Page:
In the wake of last week's horrific Boston Marathon bombing, it seemed fitting to tell you a bit about Boston City Flag History.
The city flag of Boston, Massachusetts was first proposed in 1913 by the Columbus Day Committee. Although introduced on January, 16, 1914 into the City Council, it was not officially adopted until January 30, 1917. The ordinance of its adoption gives the specifications for the colors and size of the flag, as well as where the flag is to be flown.
According to the ordinance, the flag is to be made of silk. It is to be five feet in length and three and one-half feet in width. If other sizes are made they are to be made at a ratio of 7:10. The colors of the flag are to be Continental Blue and Continental Buff. These colors were chosen because they were the uniform colors of the soldiers from Boston during the Revolutionary War and are the city colors. If fringe is on the flag, it is to be the Continental Buff color. In the center of the flag, the City Seal is to be embroidered. The flag is to be flown at City Hall and the Boston Commons area, as well as various other spots in the city. The ordinance also allows that the flag may be made as bunting to be used for decorating for patriotic holidays.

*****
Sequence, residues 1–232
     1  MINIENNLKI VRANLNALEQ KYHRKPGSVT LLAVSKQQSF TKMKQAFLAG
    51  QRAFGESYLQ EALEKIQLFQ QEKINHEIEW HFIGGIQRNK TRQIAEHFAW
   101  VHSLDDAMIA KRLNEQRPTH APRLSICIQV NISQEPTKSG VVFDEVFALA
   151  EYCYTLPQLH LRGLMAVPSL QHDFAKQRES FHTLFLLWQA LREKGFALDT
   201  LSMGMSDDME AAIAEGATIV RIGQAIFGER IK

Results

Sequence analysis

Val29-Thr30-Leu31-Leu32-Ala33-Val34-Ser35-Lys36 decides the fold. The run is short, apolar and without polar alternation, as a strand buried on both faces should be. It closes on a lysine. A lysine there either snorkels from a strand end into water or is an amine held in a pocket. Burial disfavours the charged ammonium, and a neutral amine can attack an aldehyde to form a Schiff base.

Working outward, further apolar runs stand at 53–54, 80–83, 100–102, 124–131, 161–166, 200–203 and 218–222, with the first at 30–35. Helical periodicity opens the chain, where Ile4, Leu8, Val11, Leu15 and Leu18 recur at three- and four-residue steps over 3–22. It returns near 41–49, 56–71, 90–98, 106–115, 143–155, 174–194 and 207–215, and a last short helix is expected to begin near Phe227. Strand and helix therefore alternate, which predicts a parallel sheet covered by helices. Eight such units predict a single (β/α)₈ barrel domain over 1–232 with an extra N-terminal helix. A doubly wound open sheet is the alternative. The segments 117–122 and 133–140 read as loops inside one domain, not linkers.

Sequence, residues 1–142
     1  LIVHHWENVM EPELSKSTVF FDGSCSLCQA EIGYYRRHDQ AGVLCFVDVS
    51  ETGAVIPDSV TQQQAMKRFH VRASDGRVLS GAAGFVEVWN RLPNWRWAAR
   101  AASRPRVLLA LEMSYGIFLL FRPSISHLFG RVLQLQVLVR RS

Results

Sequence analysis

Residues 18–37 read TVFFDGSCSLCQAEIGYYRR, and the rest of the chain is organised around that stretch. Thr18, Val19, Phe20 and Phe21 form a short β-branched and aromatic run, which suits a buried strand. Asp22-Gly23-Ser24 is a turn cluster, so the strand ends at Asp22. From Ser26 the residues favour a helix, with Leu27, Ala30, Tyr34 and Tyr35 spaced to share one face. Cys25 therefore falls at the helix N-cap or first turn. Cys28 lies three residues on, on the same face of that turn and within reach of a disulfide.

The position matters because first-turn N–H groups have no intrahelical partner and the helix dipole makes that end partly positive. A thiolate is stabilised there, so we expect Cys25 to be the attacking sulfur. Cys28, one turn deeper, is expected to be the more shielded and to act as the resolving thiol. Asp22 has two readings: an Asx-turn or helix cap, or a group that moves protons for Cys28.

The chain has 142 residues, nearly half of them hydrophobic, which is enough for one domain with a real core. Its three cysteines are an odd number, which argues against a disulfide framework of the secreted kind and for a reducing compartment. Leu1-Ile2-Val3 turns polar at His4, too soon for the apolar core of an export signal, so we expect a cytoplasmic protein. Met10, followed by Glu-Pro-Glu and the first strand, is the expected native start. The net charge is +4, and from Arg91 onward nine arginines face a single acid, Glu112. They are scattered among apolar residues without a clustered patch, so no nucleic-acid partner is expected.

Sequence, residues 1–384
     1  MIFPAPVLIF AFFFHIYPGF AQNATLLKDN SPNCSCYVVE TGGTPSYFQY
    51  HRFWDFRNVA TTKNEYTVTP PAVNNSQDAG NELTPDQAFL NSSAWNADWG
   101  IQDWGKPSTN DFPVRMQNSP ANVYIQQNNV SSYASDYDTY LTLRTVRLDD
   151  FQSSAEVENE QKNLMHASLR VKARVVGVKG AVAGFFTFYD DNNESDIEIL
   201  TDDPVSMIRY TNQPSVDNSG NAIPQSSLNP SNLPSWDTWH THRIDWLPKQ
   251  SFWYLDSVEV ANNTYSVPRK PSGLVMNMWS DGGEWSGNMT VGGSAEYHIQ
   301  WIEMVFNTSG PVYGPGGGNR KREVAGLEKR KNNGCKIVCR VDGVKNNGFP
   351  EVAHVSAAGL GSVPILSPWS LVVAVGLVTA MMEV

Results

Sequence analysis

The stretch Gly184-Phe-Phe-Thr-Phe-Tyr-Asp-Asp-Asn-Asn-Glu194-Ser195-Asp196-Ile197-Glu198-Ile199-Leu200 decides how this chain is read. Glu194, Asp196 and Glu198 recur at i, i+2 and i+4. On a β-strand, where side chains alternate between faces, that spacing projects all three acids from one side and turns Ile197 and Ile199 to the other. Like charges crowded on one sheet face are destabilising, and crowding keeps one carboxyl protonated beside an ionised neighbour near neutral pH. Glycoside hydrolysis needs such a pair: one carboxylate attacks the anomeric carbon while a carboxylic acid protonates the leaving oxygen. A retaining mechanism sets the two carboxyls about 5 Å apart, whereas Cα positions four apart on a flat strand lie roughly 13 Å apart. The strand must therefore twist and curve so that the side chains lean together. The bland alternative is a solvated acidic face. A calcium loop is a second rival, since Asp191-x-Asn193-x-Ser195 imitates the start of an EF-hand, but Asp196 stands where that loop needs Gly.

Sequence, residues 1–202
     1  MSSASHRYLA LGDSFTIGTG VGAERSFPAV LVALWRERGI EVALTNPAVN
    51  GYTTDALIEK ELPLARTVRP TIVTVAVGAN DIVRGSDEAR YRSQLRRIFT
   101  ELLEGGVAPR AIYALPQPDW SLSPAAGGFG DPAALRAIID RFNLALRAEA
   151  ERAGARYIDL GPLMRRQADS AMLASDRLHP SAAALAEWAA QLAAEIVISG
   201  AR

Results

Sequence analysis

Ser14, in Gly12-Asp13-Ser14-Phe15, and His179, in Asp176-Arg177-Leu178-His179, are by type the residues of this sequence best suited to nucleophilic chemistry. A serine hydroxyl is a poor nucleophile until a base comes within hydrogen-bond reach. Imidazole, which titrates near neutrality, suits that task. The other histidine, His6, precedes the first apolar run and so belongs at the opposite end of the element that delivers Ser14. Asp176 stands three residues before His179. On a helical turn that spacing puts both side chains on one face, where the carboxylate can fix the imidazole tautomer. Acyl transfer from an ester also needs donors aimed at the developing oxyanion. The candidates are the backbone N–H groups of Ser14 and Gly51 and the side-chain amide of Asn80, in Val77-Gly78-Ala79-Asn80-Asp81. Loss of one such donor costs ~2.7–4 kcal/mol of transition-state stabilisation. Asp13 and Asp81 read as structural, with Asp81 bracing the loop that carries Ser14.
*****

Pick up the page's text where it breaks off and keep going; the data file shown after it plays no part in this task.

The City Seal was designed by John R. Penniman, a famous flag painter in New England, in 1823. It depicts a view of the city, including ships in the harbor and the Massachusetts State House. Below the scene is written, "Bostonia Condita A.D. 1630" in dark blue. In the top of the circle that surrounds the scene is written, "Sicut Patribus Sit Deus Nobis". Translated from the Latin this means, "God be with us as He was with our fathers". "Civitatis Regimine Donata A.D. 1822" is written in the bottom of the circle. These inscriptions are also in dark blue.
Although the ordinance gives these specifications, there are some differences in the flags that are now used. It is noted that